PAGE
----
Madras Bashai

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Madras Bashai மெட்ராஸ் பாஷ (Madras Slang) is a cockney of Tamil language and English language spoken in the city of Chennai (previously known as Madras) in Tamil Nadu, India. The word bashai derives from the Sanskrit word bhasha, meaning "language", which means Mozhi in Tamil. Madras Bashai is a loose polyglot blend of Tamil with Indian English, Telugu, Kannada and Hindustani language. Madras bashai has been largely popularized by autorickshaw drivers and fishermen from the northern parts of the city.this slag is spoken in Chennai Tiruvallur kanchipuram vellore districts of north tamilnadu.

Madras Bashai evolved largely during the past three centuries. It grew in parallel with the growth of cosmpolitan Madras. After Madras Bashai became somewhat common in Madras, it became a source of satire for early Tamil films from the 1950s, in the form of puns and double entendres. Subsequent generations in Chennai identified with it and absorbed English constructs into the dialect, making it what it is today.

Due to immigration and cultural exchange, terms from Madras Bashai are widely spread and are also used sometimes in other cities and towns of South India.


Madras Bashai evolved largely during the past three centuries. Madras was founded in 1640 by the British East India Company, and with its emergence as an important city in the British Empire and as the capital of Madras Presidency, the contact with western world increased and a number of English words crept into the vocabulary. Many of these words were introduced by educated, middle class Tamil migrants to the city who borrowed freely from English for their daily usage.[1] Due to the presence of a considerable population of Hindustani-speakers, especially, the Gujaratis, Marwaris and some Muslim communities, some Hindi words, too, became a part of Madras Bashai. At the turn of the 20th century, the Tamil spoken by the Brahmins of Madras city was considered to be standard spoken Tamil. Though preferences have since shifted in favor of the Central and Madurai Tamil dialects, the English words introduced during the early 20th century have been retained.[1]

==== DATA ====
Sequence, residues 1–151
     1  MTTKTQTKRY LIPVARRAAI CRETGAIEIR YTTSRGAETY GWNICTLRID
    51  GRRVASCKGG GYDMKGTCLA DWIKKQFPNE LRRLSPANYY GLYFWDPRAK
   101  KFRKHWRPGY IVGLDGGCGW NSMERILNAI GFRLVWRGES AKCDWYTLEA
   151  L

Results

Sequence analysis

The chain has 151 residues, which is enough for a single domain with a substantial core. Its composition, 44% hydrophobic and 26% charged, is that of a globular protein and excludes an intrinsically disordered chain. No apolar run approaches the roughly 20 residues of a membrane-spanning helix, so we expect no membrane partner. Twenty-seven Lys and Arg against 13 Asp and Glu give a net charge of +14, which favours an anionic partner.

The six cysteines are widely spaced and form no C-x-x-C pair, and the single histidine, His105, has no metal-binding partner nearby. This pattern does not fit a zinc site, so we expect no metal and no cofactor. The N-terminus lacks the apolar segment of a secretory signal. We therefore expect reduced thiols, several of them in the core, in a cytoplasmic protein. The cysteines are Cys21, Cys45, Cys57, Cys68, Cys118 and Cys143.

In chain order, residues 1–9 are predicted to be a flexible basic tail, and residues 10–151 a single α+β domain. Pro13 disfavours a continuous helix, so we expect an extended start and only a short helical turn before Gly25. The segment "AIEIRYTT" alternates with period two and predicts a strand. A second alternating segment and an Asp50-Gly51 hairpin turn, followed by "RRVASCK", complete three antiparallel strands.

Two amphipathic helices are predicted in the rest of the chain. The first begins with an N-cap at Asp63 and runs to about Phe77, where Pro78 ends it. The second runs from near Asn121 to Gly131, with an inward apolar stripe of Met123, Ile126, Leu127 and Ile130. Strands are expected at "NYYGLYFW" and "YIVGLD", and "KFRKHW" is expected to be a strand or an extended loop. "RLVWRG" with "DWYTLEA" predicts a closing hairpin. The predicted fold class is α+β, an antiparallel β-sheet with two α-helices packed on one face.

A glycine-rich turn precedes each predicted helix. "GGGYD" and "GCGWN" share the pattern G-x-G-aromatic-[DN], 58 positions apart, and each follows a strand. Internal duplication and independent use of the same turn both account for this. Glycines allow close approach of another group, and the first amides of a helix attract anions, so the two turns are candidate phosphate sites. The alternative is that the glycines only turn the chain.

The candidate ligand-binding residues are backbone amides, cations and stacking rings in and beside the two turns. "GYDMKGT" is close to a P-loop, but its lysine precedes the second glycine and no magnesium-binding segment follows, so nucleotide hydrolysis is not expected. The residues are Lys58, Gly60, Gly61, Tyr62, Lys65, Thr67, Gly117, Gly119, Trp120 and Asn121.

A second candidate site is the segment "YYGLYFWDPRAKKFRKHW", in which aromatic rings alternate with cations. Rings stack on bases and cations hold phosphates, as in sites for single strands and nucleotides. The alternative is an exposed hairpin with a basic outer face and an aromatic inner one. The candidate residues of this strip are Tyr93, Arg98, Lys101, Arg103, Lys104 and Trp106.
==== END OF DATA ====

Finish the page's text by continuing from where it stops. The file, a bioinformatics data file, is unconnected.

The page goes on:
Madras Bashai is generally considered a dialect of the working class like the Cockney dialect of English. Lyrics of gaana songs make heavy use of Madras Bashai.


A few words unique to Madras Bashai are given below; an Internet project, urbantamil, has set out to collect urban Tamil vocabulary.[2]

Standard Tamil Madras bashai Meaning
appuram (அப்புறம்) Appālikā,appāllē (அப்பாலிகா, அப்பாலே) Afterwards[3]
anñkē (அங்கே) Annanṇṭa (அந்நாண்ட) There
kōpam (கோபம்) Gaandu (காண்டு) Anger
Mosamana (மோசமான) Attu (அட்டு) Worst (Derived from Burmese word "attu" - meaning duplicate)
bayam (பயம்), achham (அச்சம்) mersu (மெர்சு) Fear
nandraga Illai (நன்றாக இல்லை) mokka (மொக்கை/மொக்க) Derived from Burmese word "macaunbu" meaning not good
dhaṭavai (தடவை) Dhabā (தபா) times- Derived from Hindustani - Dafa (number of times)
ēmatṟukiṟatu (ஏமாற்றுகிறது) Dabaikirathu (டபாய்க்கிறது) Fooling